The year that Inside Out and Back Again takes place in is a big one for Hà. She turns ten right as the book opens, but while double-digits are always a landmark moment, her growing-up process is about to be fast-tracked by the Vietnam War. Once her family decides to flee Saigon, Hà is forced to leave everything she's ever known behind, in favor of building a new life in the United States, a place she's never been before. It's a doozy of a transition, and forces Hà to mature a lot over a relatively short period of time.
We're not saying she's an adult or anything by the time the book ends—she's only turning eleven, after all—but we are definitely saying that she has grown up a lot from the girl who spent her time thinking about papayas when the story begins.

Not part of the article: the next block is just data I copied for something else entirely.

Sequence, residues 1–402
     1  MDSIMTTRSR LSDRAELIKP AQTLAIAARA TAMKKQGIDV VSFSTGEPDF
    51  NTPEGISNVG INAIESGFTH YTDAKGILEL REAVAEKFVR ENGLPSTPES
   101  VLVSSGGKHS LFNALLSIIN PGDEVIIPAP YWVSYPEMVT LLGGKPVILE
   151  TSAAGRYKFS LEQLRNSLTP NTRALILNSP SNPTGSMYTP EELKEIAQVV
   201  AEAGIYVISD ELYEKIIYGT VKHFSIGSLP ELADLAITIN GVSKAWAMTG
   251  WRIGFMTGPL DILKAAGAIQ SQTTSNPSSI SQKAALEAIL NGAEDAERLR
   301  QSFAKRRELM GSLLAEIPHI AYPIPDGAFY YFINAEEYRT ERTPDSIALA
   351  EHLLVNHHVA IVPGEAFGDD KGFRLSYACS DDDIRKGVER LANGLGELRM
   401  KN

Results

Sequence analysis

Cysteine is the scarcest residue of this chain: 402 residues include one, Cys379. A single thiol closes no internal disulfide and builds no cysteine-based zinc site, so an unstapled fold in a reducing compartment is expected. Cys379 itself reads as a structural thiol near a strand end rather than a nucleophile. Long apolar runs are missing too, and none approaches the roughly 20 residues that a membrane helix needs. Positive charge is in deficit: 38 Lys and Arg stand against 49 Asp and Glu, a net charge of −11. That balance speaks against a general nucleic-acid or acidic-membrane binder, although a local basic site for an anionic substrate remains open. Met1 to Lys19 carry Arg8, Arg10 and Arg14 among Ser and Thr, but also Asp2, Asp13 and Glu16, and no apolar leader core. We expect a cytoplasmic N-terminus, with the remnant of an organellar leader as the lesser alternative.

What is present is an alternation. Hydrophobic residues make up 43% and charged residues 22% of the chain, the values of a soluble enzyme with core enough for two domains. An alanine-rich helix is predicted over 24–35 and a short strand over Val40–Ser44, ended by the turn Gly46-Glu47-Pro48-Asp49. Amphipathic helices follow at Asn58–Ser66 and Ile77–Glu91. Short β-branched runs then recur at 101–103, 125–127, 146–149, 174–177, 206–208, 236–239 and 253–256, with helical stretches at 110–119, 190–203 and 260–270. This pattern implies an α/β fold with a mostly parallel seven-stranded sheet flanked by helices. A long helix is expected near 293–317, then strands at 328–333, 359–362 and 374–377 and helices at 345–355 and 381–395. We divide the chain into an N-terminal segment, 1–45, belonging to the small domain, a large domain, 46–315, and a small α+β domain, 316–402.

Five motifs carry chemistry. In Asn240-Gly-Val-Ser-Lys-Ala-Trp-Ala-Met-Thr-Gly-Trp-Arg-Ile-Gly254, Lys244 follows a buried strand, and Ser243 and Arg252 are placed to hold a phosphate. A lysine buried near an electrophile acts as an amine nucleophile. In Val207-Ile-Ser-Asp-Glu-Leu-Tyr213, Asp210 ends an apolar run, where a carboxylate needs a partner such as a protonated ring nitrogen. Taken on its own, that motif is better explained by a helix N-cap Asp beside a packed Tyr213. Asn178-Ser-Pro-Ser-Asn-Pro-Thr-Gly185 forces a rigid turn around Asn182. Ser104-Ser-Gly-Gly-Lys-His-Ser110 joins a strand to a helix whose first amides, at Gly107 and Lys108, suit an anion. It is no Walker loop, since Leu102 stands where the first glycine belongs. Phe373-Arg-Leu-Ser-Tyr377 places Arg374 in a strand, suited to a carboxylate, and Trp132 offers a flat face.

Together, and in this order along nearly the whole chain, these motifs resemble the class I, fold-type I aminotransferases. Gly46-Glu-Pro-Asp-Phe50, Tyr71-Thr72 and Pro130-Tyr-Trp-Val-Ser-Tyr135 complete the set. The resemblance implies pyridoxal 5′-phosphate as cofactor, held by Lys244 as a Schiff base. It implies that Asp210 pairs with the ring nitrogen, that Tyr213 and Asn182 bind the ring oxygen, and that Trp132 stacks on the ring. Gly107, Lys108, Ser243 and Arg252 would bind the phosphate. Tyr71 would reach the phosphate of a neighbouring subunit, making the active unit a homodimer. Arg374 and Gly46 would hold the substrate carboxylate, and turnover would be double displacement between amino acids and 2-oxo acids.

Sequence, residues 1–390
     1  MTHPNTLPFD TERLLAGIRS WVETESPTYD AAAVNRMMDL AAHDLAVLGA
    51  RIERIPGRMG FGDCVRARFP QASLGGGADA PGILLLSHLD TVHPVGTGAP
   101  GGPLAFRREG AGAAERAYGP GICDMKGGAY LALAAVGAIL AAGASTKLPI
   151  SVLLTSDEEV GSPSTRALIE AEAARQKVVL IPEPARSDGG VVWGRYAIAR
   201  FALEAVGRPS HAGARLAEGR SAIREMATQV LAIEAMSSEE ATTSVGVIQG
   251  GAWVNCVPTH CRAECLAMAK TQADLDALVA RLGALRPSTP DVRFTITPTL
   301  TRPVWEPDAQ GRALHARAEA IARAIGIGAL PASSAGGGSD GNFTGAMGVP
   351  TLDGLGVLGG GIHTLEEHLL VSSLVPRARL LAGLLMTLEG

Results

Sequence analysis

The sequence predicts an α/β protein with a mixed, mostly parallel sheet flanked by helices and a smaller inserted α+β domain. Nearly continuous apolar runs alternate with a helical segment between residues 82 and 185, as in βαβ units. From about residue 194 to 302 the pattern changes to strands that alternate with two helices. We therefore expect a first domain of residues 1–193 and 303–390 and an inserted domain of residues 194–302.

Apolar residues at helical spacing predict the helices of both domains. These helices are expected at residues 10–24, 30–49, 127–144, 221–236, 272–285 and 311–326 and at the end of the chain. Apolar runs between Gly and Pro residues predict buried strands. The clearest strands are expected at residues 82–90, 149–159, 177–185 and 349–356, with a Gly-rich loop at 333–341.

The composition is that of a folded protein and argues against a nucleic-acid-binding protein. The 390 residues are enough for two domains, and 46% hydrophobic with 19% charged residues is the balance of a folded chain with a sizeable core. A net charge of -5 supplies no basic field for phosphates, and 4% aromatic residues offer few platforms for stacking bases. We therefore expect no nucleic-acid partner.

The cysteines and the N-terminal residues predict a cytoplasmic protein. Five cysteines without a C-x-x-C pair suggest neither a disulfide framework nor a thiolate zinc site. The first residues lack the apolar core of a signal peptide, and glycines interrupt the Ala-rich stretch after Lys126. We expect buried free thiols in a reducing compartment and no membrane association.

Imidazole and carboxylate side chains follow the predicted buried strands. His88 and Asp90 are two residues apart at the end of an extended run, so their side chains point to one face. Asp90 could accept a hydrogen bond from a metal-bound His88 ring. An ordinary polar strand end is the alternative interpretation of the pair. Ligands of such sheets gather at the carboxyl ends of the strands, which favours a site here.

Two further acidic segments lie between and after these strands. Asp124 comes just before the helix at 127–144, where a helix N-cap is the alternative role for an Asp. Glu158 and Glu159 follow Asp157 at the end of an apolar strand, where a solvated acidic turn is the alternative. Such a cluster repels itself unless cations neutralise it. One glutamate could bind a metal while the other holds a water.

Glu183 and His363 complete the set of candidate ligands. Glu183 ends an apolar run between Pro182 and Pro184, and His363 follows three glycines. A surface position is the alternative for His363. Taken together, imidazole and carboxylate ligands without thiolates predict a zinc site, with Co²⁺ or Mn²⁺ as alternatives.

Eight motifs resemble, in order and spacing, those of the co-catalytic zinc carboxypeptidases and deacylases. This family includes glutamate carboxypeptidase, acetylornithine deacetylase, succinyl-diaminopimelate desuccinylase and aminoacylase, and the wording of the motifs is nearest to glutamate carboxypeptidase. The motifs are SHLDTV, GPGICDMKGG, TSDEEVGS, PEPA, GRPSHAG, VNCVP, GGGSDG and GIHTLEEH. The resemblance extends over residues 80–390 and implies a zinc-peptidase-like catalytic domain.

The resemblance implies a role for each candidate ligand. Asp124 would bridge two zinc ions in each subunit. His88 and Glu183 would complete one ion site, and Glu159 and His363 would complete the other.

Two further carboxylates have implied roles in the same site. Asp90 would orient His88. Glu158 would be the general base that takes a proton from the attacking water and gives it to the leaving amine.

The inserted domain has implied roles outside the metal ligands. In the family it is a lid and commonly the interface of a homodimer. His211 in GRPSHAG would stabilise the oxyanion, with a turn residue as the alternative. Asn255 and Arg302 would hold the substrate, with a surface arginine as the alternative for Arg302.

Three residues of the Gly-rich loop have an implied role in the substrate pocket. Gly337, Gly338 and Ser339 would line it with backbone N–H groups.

Questions About Coming-of-Age
What does Hà learn about her brothers by the end of the book?
In what ways do you notice that Hà grows up?
What do other characters realize about Hà? What are some of the most grown-up moments that Hà has in relation to other characters in the book?
Chew on This
Hà is still immature at the end of the book, otherwise she wouldn't wish to learn to fly, which is a childish wish.
Hà's wish to learn to fly is a mark of maturity because it is a metaphor for spreading her wings and continuing to come into her own.